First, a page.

As part of the CM/GC arrangement, Bryan Construction Inc. requested price quotes from a list of subcontractors for each portion of the work performed. Based on the information obtained from Bryan Construction Inc. by DOTI, there were fourteen requests for price quotes issued by the contractor. Between one and four responses with price quotes were documented as received from subcontractors for each request. In comparing the written price quotes with the amounts listed in the subcontractor payment listing for May 31, 2020, it was noted that the amount paid to subcontractors was higher than the price quote in all but two of the subcontractors. For the subcontractors that were paid more than the quoted price, the difference between the price quote and the amount paid was approximately $1.9 million. Based on inquiry with individuals involved in the project at DOTI, the difference relates to the $2,486,007 total of both change orders, however DOTI did not reconcile the amounts paid to subcontractors to the quoted prices or amounts billed by subcontractors. There were nine subcontractors totaling $889,004 listed on the contractor’s subcontractor payment listing for May 31, 2020 that received payment for work performed as part of this project but did not have written price quote documentation.
As part of the monthly applications for payment from Bryan Construction Inc., DOTI received signed partial lien releases from the subcontractors to the contractor for payment relating to the work performed. Of the twenty-six subcontractors included on the subcontractor payment listings, DOTI provided documentation of partial lien releases for fourteen subcontractors. The total amount listed as net paid to date for the fourteen subcontractors was $7,141,797 and the partial lien releases totaled $3,712,601, a difference of $3,429,196.
Special Conditions 12 titled Payment Procedure of contract PWADM-201736311-00 with Bryan Construction Inc. states: “In accordance with General Contract condition 907, Releases and Contractors Certification of Payment, Applications for Payment must be accompanied by completed Partial or Final Claim Release Form, as appropriate, from each subcontractor and supplier, and/or the Contractor’s Certification of Payment Form.”
Management of DOTI noted that the contractor was considered to be compliant with the special condition based on submission of the Contractors Certification of Payment that was included with each application for payment. However, as described previously, the Contractors Certification of Payment did not include subcontractor amounts due to errors in the contractor’s process for inputting information into Textura. In addition, management of DOTI noted that the final lien releases would be received and agreed to amounts paid to subcontractors at the close-out of the project, which had not yet occurred as of the end of the examination period.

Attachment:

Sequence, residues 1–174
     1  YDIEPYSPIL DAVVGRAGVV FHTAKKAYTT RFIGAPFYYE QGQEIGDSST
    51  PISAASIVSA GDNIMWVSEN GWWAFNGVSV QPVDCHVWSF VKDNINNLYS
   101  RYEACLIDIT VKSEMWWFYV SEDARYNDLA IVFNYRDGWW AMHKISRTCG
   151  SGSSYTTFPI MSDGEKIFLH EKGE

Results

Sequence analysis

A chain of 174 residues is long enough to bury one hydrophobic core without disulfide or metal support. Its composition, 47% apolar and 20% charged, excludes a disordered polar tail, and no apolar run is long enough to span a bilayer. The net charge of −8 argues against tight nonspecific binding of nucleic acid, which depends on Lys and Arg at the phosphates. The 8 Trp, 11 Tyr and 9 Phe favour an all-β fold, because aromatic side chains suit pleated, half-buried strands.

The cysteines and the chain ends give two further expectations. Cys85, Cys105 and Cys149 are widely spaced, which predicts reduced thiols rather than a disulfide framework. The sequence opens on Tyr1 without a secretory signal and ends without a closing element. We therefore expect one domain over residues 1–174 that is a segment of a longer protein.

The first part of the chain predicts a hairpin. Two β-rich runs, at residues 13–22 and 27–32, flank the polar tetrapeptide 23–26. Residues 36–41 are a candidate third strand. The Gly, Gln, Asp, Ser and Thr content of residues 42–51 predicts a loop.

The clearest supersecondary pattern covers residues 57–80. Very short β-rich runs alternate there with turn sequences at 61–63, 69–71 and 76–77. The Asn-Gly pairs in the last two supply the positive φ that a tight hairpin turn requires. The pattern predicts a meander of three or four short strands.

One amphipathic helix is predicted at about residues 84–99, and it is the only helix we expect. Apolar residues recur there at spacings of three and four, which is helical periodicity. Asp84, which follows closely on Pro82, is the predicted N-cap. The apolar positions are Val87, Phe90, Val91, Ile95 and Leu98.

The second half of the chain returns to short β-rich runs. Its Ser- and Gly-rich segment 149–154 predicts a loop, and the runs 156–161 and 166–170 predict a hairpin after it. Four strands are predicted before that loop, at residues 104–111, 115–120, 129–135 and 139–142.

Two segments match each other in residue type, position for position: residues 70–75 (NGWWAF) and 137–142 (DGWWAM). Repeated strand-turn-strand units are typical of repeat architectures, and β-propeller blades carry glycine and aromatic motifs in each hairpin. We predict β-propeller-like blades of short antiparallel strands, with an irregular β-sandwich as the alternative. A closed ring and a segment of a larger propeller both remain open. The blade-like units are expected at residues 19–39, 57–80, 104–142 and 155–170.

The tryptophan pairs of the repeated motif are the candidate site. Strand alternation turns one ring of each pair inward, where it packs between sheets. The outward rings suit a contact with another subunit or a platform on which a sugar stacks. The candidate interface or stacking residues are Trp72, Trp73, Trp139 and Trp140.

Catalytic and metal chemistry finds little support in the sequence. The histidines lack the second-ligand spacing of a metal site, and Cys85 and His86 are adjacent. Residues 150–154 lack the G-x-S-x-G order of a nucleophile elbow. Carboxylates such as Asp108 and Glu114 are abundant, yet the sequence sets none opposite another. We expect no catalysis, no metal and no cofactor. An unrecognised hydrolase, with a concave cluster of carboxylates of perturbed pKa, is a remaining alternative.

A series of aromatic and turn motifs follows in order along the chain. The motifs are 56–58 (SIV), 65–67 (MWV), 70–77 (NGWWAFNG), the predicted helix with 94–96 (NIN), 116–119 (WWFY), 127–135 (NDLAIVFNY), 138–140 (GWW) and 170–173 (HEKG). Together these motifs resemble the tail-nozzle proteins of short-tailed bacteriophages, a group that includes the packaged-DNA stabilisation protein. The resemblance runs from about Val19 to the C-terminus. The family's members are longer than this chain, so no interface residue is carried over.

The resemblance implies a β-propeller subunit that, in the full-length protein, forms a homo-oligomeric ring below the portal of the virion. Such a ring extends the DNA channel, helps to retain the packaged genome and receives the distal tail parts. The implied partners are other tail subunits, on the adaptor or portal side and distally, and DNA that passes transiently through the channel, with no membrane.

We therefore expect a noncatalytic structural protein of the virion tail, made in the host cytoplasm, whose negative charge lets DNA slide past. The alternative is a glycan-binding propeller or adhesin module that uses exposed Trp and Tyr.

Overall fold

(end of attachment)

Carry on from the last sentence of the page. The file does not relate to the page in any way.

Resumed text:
Finding 2: Project Management and Timeliness of Change Orders
Per the Department of Transportation and Infrastructure – Contract Administration procedure for New and Amendatory Contracts, the primary purpose of the Construction Manager/General Contractor (CM/GC) project delivery method is to accelerate portions of the scope and to optimize construction sequencing through the use of a construction manager who works with the designer in preconstruction to ensure that the final design as-builts are informed as to cost and schedule. However, the project timeline was significantly extended through change orders for 1,001 additional days along with an increase in overall construction costs of 30.2% from the guaranteed maximum price negotiated with Bryan Construction Inc. in bid packages #1 and #2.
There were three change orders approved during the time period covered by this examination. The first change order was for $1,141,007, the second change order was for $935,000, and the third change order was for $410,000. All three change orders were accepted by the contractor and approved by DOTI with documented approvals by the Project Manager, Portfolio Manager, and the Director of Capital Projects Management. The approvals for the first two change orders occurred simultaneously, with the Project Manager approval by DOTI on July 22, 2019 and completion of all required approvals on August 9, 2019. The third change order was approved by the Project Manager on November 30, 2020 with final approval on January 13, 2021.